Elaborating on the theme that Wilner has described them as anti-labor, the plaintiffs claim that they have been implicitly accused of violating the Railway Labor Act (RLA), 45 U.S.C. §§ 151 et seq., by inciting labor unrest, by causing strikes and work stoppages, and by failing to maintain their tracks properly. They point out that management is under a continuous obligation to make every reasonable effort to avoid any action that might interrupt rail service or impede the free flow of commerce, see 45 U.S.C. § 152 (First), and they assert that the column effectively accuses them of having failed to carry out this obligation. In support of these allegations, the plaintiffs filed, inter alia, a sworn declaration by Herbert R. Northrup, Professor Emeritus of Management at the Wharton School of the University of Pennsylvania, whom the plaintiffs have presented as an expert on labor relations and the RLA. In his declaration, Northrup stated, inter alia, that

•any reader familiar with the railroad industry or the RLA would conclude from reading Wilner's Journal of Commerce, June 2, 1997, article that the plaintiffs are anti-union and anti-labor and have violated their duties and obligations under the RLA, by failing to exert every effort to make and maintain labor agreements and to avoid interruptions in service as a result of a labor dispute.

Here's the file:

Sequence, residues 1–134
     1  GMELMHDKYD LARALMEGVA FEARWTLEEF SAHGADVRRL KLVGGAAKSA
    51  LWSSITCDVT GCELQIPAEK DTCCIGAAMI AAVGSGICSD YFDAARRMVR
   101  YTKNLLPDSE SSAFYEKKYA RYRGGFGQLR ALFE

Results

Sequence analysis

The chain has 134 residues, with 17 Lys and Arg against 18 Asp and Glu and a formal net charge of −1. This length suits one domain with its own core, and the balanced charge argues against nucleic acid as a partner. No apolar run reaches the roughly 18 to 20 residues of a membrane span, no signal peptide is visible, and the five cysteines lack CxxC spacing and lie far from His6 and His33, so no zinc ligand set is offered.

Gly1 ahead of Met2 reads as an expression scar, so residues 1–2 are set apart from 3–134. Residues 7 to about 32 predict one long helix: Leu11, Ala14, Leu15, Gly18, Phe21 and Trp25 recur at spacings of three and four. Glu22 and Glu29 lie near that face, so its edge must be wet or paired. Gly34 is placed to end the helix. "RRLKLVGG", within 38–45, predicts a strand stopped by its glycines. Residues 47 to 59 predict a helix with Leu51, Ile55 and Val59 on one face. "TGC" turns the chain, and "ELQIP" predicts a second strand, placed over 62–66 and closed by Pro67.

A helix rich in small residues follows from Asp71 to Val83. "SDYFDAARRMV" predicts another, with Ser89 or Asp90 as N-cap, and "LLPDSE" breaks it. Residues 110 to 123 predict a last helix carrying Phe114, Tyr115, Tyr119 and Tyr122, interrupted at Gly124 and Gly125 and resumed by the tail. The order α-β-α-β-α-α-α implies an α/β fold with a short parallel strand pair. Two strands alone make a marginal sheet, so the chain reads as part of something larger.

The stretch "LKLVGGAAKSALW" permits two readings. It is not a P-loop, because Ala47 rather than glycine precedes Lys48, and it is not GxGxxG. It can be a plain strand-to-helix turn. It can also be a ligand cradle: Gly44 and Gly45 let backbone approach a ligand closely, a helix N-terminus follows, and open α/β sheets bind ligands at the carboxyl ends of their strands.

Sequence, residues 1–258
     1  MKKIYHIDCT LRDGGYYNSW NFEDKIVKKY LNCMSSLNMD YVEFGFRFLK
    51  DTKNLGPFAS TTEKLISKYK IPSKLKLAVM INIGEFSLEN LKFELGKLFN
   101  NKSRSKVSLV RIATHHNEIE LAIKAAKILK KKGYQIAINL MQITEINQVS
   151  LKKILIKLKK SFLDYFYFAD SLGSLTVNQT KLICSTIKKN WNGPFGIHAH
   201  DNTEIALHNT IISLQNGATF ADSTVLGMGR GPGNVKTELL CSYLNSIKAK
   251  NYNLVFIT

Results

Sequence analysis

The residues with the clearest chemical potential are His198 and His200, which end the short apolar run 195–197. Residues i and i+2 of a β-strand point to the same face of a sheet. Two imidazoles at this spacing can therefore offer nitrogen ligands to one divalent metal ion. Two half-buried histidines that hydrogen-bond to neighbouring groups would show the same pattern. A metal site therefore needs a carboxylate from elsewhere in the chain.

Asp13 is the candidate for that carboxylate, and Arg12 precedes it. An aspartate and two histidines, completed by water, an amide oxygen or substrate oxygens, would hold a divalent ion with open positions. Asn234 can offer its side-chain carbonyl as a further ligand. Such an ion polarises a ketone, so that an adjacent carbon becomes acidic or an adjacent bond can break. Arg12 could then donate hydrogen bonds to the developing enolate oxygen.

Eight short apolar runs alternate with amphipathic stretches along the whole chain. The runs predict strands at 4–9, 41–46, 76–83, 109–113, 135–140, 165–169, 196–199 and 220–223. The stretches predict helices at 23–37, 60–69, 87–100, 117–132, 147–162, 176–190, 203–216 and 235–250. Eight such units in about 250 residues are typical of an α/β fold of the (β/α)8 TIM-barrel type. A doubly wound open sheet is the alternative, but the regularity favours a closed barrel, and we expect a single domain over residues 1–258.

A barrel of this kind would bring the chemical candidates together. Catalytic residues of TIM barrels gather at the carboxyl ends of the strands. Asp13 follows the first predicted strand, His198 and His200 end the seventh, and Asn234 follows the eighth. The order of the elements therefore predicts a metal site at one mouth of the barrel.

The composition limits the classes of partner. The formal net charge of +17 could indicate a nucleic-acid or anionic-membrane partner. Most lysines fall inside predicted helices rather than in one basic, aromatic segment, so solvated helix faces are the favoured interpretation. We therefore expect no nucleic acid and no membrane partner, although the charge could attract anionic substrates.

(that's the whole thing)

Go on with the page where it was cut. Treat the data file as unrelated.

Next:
•in fact there is no evidence that plaintiffs have failed in their obligations under the RLA, or have exhibited anti-labor biases or ignited labor strikes and work stoppages.

• the article would reasonably tend to injure plaintiffs' reputation within the railroad industry and cause customers to shift their business from Guilford trains to trucks which compete with Guilford for much of its business.

Professor Northrup also synopsized what the plaintiffs view as provably false statements of fact in Wilner's column. According to Professor Northrup,